TTC worker hailed as 'guardian angel' for saving woman's life

Michele-Marie Beer, a Blue Jays fan, is pictured her in St. Michael's Hospital in Toronto. She says Monique Blake, a TTC streetcar operator, saved her life because she insisted that she stay on a streetcar until she got medical attention. Beer is recovering from emergency brain surgery now. (Paul Borkwood/CBC - image credit)
Michele-Marie Beer, a Blue Jays fan, is pictured her in St. Michael's Hospital in Toronto. She says Monique Blake, a TTC streetcar operator, saved her life because she insisted that she stay on a streetcar until she got medical attention. Beer is recovering from emergency brain surgery now. (Paul Borkwood/CBC - image credit)

When Michele-Marie Beer was trembling, dizzy on a Toronto streetcar, she never imagined the driver might save her life.

But Beer says that's exactly what Monique Blake did when she insisted Beer stay on her streetcar until help arrived.

It turns out Beer, the passenger, needed brain surgery to remove a life-threatening tumour that had been growing behind her right eye for years.

"I'm alive because of this amazing woman that wouldn't let me off a streetcar because she saw me," Beer told CBC Toronto this week.

In a June 9 Facebook post, Beer said of Blake: "She is forever my guardian angel."

Monique Blake and Michele-Marie Beer
Monique Blake and Michele-Marie Beer

Monique Blake and Michele-Marie Beer are pictured here in the hospital after Michele-Marie's emergency surgery. (Supplied)

According to Beer, it all began when she was on a 510 Spadina streetcar after a Blue Jays game on May 31.

The streetcar pulled into Spadina station after midnight.

Beer said she was feeling dizzy with what she thought was post-concussion syndrome following a fall in January, when she hit her head on a streetcar on the same route.

Driver's mother happened to be a nurse

A passenger helped her to get to the front of the streetcar. She was planning to get off, when Blake, returning from warming her dinner, spotted her.

The pair made eye contact and Blake noticed Beer was flushed and distressed.

"I mouthed to her and I said: 'Are you okay?' And she said no," Blake said.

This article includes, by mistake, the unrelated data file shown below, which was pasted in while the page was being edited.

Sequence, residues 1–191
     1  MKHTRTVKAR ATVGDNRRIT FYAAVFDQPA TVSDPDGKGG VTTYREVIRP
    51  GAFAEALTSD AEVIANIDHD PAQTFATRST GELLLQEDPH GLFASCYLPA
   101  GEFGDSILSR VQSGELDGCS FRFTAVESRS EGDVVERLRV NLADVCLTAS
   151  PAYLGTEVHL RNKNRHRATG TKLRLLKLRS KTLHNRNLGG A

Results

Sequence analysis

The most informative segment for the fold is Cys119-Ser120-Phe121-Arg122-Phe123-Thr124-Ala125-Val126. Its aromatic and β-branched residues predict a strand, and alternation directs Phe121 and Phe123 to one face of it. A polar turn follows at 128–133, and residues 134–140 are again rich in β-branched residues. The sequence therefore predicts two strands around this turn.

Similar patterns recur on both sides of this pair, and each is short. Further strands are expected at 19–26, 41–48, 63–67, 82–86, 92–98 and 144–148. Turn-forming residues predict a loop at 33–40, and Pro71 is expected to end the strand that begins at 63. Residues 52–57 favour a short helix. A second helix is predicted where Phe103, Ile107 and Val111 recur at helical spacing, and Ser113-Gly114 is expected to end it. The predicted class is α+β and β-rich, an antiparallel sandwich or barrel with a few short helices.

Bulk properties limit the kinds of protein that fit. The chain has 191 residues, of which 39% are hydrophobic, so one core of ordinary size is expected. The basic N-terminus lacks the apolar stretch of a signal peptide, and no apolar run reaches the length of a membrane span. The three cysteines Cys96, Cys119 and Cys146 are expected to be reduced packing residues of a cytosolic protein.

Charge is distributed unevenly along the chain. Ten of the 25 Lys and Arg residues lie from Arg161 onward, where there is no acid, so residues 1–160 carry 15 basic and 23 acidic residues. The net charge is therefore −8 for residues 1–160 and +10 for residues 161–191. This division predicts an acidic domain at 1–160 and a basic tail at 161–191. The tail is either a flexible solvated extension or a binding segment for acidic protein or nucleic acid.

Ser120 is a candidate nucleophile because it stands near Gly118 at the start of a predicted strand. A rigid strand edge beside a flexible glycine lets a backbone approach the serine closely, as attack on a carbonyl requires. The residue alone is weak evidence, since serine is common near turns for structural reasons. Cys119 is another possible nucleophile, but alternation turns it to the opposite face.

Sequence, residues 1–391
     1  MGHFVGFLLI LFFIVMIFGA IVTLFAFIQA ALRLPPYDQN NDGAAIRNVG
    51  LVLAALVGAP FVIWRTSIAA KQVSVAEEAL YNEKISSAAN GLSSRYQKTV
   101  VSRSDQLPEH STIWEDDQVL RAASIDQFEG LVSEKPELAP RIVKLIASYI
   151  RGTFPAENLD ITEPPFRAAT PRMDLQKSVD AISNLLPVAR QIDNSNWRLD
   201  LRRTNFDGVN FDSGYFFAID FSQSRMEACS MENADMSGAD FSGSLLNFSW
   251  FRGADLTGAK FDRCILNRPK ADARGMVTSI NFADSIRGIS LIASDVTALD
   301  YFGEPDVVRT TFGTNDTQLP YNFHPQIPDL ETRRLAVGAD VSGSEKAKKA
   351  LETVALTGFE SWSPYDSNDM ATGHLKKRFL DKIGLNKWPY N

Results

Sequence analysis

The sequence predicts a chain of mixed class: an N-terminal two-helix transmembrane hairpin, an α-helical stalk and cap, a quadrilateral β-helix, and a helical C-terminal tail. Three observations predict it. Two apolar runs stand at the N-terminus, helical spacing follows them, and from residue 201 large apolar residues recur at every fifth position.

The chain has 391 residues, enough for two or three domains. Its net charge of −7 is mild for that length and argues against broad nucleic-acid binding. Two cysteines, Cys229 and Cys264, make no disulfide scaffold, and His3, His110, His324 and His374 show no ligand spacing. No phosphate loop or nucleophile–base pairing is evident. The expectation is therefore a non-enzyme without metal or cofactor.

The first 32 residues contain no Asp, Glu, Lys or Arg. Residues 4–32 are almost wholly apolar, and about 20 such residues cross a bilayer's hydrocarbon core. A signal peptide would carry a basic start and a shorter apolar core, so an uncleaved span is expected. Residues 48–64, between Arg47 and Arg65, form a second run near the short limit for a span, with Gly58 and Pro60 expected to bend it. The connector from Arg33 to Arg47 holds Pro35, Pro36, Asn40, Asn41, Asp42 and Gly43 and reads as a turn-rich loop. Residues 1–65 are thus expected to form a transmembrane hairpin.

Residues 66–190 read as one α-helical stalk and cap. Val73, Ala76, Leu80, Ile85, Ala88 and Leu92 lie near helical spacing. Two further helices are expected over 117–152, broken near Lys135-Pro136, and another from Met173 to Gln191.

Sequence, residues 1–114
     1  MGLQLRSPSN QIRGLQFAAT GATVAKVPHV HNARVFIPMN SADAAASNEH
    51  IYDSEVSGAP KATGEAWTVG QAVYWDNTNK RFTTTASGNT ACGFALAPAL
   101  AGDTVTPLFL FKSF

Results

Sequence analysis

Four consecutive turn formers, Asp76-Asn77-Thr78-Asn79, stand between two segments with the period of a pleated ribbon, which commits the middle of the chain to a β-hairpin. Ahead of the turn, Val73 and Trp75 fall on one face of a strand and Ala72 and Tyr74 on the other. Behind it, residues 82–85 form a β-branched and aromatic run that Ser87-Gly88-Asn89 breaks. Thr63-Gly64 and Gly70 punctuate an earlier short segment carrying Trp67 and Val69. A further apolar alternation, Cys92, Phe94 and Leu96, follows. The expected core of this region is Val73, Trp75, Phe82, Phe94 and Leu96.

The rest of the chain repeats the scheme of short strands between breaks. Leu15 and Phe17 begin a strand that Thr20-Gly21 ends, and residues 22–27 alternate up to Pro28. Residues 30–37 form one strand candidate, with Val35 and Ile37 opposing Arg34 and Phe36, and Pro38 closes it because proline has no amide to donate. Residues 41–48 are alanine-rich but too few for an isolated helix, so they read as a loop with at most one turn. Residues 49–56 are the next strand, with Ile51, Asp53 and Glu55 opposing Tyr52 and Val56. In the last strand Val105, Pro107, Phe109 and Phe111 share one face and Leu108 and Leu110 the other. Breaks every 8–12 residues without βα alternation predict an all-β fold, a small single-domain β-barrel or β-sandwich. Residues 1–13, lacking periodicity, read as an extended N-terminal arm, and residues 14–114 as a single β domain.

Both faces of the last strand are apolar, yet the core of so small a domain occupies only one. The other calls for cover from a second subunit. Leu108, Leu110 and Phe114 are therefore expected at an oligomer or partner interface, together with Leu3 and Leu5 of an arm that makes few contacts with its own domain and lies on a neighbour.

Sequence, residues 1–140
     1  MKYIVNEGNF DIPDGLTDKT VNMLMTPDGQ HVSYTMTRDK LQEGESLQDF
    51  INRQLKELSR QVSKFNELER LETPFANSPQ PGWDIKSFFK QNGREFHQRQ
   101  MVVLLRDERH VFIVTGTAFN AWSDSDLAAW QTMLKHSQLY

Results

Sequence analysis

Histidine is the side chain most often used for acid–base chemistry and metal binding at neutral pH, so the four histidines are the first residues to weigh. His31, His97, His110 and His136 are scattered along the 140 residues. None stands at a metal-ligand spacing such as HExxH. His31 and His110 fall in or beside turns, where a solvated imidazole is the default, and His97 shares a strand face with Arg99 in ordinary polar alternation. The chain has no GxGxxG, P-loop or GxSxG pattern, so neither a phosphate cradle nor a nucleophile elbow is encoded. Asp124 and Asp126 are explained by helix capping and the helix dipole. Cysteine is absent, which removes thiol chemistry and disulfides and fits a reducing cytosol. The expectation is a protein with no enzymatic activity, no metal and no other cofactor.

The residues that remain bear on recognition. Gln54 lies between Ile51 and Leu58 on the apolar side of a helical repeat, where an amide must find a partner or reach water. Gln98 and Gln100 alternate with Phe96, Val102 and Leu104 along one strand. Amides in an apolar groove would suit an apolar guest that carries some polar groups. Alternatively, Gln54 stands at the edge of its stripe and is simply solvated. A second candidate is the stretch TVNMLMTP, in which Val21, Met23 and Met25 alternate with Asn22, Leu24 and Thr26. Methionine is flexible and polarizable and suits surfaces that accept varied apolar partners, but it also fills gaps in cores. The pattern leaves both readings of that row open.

Blake said Beer said she didn't want to disrupt anything, but Blake told her she would call for help.

"I noticed she got up. She was shaking. She had tremours in her left hand. And I was like, 'OK, that's not good,'" Blake said. "She made it to the front and then I called."

Blake said Beer protested, not wanting to hold up service. But Blake persisted because she knew it was something more severe.

That's because Blake's mother is a retired nurse who worked at a seniors' home and used to talk about people with brain injuries and how they had tremours.

"That was something that kind of triggered in my mind that maybe something like that is happening," she said. "It did seem alarming."

'It's surreal'

It turns out she was right.

A surgeon at St. Michael's Hospital, where the life-saving operation was performed, told Beer that "had I gone home that night and fallen, I would have either slipped into a coma, lost my eyesight because it was attached to the nerve, or died. That's how close it was to being done."

After the surgery, Beer decided she needed to find out who the streetcar operator was.

She called her friends and the TTC, and eventually, she got her email. Beer emailed Blake and Blake visited her in hospital.

Monique Blake 1
Monique Blake 1

TTC streetcar operator Monique Blake says: 'I do believe that, even though we do live in a fast-paced environment, if you do reach out for help, people will take the time to help because we all need that human connection.' (CBC)

"My mission from the time I woke up was to find her, thank her and make sure that she gets the highest honour in the city for what she did," Beer said.

As for Blake, she said she was happy to help.

"Right now to this day, it's surreal. I just didn't think it would turn into something this big," she said.

'We all need that human connection'

"I just thought someone needs help, the ambulance will come, they'll check her out, give her some fluids and she'll be fine. But to know that it went so far as to saving a life, I'm honestly, I'm humbled, truly."

Blake said the message in the story is that it's okay to ask for help and to accept help when someone offers and it's not an inconvenience.

"I do believe that, even though we do live in a fast-paced environment, if you do reach out for help, people will take the time to help because we all need that human connection."

After having the tumour removed, Beer said she feels herself again — and has Blake to thank.

"Monique saw me. Monique saw me. And here I am."